The setlist stayed true to KISS’ second live album with just a few exceptions. Some tracks off of that double live opus were left off in favor of a few on their breakthrough first live LP, while others were replaced by a deep cut off of Rock and Roll Over. Two studio tracks culled from side four of II, “All American Man” and “Rocket Ride,” were obviously given the live treatment, while staying true to the recorded versions. Once again, it was like going back in time, which I truly appreciated because my parents didn’t let me go to ANY concerts in ’78, and KISS was at the top of that list for this Catholic-raised schoolboy.
Pulling off a live Paul Stanley is not an easy task. You need the right height, vocal inflection and range, Queens accent, accurate face design, hairdo, the fabled rose tattoo, chest hair, costume layering, mannerisms, guitars, body build, and swagger all rolled into one to come off as the iconic frontman. Otherwise, the whole band can come off a bit off-kilter. Gary started in ’88, and to my knowledge, fronted the first KISS tribute ever in Detroit several years before it was in vogue to do so. Other acts he was part of include Strutter and, more notably, Hotter Than Hell, the band chosen by Gene and Paul to wear THEIR Love Gun-era costumes for the Detroit Rock City movie, as well as to stand in for them. Aside from that, he was instrumental in the Original KISS Army, as well as the Kentucky-based KISS Army. In short, he’s been the go-to PS. Stevens delivered the goods at this show, a few strained vocal moments aside. Overall package, a 9.0, which is considerable taking into account all ingredients necessary.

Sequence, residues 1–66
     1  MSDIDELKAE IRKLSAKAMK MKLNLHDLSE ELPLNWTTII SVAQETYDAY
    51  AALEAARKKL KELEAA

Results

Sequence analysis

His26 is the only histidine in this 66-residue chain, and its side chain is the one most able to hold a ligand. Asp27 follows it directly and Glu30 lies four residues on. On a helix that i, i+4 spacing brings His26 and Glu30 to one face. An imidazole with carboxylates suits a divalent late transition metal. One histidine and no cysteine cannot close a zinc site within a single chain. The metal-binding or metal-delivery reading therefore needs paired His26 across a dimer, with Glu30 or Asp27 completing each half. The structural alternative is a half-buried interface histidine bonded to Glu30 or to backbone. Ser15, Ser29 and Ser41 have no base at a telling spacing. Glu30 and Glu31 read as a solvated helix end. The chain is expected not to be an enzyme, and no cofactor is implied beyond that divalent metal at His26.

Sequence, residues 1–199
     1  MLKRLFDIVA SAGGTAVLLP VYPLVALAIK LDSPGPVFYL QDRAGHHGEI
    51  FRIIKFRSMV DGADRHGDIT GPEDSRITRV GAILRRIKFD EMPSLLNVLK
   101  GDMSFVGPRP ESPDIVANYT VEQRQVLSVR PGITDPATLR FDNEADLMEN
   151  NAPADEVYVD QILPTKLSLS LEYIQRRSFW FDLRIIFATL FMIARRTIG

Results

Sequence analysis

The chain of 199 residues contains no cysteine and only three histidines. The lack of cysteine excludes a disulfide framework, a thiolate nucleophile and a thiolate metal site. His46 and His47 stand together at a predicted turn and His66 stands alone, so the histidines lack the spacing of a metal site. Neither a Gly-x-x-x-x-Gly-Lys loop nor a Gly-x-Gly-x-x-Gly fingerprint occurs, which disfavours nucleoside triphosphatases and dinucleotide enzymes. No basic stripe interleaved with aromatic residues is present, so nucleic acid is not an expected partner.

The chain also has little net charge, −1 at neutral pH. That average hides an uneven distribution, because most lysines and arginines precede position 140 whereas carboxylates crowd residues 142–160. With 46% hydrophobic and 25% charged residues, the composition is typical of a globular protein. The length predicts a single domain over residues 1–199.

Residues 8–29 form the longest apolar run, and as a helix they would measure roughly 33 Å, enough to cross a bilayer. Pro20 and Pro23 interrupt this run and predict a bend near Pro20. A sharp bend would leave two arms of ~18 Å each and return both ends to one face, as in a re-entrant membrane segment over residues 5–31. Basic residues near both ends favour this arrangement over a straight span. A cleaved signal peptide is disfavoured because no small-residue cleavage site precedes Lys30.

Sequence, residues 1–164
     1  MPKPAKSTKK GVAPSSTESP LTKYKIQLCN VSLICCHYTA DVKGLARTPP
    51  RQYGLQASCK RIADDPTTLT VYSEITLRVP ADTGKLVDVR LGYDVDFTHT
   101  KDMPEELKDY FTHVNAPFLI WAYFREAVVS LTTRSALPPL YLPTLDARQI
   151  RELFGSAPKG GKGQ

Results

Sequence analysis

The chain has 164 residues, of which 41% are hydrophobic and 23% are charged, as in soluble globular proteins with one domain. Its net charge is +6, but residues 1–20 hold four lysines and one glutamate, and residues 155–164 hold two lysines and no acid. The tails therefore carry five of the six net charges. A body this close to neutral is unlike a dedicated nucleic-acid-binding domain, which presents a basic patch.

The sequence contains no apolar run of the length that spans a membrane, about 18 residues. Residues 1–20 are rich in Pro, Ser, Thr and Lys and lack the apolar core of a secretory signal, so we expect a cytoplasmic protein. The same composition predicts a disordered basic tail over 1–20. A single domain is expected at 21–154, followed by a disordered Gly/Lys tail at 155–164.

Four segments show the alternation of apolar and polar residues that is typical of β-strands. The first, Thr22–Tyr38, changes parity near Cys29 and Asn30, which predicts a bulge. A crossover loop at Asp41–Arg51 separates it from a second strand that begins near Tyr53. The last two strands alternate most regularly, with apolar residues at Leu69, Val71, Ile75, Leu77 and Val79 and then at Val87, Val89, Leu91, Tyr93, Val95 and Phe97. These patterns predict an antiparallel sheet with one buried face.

Gene. Hmmm. Convincing growling vocals w/ the right range? Check. Fire breathing skill? Unparalleled. Mannerisms. Down. Among the top three Simmons impersonators I can think of.
Frehley. Not Thayer. Ace. The one and only. How did Matt measure up? From the costuming down to the chops I’m thinking that Paul Daniel Frehley would’ve given two trademark thumbs up.
And now Peter. What can be said about someone who has been playing this part for years in nationally touring acts like his cohort Gary? He’s honed his craft. Troy sang Pete’s parts live better than Criss was known to usually. And the drumming was up to par as well.
All expected instrumental solos were executed deftly. Guitar leads and rhythms were traded off like the original band.
Are there other KISS tributes that play more regularly than this one? Sure. However, I feel strongly confident that with their lineup solidified and new promo materials, as well as a newfound agent, that you’ll be seeing these boys in your town more often. And their roughly two-hour show will certainly be worth the ticket price.
As with other shows I’ve reviewed and highly recommended, this one is no exception. When The KISS Experience announces their next date and if you live close, re-arrange your schedule and pony up the cover charge. It’ll be 1978 all over again and you’ll leave satisfied. You wanted the best? You just may forget about the rest.